Muscat is being asked to clarify the level of support it will give for two independent power projects (IPPs) in the event that they run into financial difficulty, sources close to the schemes tell MEED.

Japanese export credit agency Japan Bank for International Co-operation (JBIC), which is providing financial backing for two of the groups bidding for the Barka 3 and Sohar 2 IPPs, has asked Muscat to clarify its role so that it can assess the projects’ creditworthiness.

It is the latest sign of deteriorating investor confidence in the region in the wake of the Dubai government’s decision not to provide backing for the debts held by Dubai World.

While sources say JBIC’s move is not directly linked to Dubai’s debt problems, it highlights the pressure on governments to provide explicit support for projects.

JBIC normally requires some form of government guarantee before it can commit to financing a project.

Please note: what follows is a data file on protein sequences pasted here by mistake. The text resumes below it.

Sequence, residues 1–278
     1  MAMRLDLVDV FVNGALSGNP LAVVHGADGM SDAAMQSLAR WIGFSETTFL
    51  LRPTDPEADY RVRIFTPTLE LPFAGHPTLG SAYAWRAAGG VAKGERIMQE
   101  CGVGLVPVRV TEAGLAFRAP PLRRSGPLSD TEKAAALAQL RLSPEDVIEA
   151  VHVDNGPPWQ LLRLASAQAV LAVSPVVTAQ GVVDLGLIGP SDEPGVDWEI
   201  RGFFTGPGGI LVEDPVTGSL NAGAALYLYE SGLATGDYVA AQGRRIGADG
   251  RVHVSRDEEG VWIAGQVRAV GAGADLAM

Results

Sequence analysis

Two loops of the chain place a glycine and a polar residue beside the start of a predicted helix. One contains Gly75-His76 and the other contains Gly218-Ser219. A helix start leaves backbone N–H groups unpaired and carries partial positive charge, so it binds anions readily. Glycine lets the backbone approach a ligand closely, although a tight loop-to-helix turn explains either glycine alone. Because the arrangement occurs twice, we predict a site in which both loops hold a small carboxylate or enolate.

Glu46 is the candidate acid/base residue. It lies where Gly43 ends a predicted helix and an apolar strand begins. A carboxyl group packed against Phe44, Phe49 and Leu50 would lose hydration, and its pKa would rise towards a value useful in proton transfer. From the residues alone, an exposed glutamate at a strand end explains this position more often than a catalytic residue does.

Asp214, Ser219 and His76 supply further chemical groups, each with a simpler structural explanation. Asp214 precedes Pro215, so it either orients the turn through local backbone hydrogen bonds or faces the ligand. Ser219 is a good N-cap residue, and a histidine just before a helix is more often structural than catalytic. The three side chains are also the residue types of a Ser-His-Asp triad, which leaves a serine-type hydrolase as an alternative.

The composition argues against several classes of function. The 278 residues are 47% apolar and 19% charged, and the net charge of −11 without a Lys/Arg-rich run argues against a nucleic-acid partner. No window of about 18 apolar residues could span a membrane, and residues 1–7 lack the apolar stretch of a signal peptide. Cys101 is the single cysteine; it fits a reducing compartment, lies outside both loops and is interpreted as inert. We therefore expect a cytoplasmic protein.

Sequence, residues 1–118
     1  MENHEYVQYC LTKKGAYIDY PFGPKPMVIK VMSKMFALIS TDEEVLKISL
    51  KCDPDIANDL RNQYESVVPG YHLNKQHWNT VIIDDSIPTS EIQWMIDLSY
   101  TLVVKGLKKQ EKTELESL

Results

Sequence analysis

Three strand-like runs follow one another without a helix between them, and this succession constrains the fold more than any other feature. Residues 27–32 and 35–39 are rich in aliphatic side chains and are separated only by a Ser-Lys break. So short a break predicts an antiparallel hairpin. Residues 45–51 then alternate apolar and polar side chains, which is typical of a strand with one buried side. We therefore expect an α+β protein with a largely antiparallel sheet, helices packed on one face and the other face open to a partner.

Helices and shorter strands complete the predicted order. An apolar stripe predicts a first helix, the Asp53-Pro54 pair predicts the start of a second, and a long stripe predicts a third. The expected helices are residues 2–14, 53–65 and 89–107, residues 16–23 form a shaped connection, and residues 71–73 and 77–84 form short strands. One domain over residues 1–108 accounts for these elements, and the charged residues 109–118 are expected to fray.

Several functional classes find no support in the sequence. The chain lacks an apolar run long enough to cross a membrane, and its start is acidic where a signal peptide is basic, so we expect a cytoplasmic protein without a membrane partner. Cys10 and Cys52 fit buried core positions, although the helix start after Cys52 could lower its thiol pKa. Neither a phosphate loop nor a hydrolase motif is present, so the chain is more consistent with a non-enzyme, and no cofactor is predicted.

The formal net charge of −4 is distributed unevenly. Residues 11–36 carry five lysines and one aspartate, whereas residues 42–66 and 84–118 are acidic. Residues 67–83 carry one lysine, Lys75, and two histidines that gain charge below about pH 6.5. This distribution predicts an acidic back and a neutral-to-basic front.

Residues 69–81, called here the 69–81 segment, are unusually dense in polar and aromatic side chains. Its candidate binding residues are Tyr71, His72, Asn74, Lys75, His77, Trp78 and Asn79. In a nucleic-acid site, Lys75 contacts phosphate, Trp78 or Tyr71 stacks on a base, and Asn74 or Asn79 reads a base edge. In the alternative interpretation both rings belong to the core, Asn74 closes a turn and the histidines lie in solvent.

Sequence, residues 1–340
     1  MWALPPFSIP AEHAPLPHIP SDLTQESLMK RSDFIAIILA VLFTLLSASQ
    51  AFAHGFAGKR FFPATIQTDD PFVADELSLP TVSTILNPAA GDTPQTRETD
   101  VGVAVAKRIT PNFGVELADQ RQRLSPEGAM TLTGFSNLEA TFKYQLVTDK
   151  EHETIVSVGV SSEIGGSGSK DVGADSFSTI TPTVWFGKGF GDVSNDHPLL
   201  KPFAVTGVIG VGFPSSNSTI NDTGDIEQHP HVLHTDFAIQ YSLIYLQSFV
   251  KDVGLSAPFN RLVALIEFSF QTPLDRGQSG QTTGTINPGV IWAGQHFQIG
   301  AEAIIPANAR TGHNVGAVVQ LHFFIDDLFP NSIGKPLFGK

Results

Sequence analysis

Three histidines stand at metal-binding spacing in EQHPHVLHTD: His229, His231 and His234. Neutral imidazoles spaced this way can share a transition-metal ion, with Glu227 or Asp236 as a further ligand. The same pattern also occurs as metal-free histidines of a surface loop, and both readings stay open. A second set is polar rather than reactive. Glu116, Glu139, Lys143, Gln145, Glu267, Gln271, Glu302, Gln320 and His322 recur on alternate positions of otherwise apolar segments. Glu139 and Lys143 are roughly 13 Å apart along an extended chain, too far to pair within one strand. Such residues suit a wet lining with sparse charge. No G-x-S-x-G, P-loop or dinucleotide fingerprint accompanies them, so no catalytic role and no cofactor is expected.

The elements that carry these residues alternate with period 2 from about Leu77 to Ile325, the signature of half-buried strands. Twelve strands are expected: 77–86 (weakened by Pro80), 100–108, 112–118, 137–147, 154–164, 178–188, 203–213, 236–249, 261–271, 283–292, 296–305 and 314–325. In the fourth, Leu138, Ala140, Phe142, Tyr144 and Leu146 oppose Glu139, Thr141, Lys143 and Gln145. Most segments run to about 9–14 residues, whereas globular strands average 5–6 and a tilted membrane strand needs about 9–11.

“JBIC prefers to have the government involved as guarantor of the offtake agreement,” says one source close to the bank. “But there could be other ways that the government gives assurances that it will support the project, and these are being explored.”

It is not clear what other type of support might be offered. In the past, the Omani Finance Ministry has explicitly guaranteed the financial obligations of the Oman Power & Water Procurement Company (OPWP) to developers, under any power and water purchase agreement.

However, the government’s request for proposals for the latest OPWP schemes, which was issued in July, said the guarantee would expire once OPWP had maintained at least two credit ratings for two years.

The minimum ratings were set at BBB from Standard & Poor’s (S&P), Baa2 from Moody’s Investors Service and BBB from Fitch Ratings. OPWP has kept a higher, A2 rating from Moody’s since 26 Oct-ober 2007 and an A rating from S&P since May 2008, meaning the guarantee could soon expire.

The talks could affect the financing arrangements of the two groups JBIC is backing.

The first group is led by Marubeni Corporation of Japan. The second is led by Belgium’s Suez Energy International.

Six other groups submitted bids by the deadline of 8 December.

OPWP will open the technical and commercial bids in January.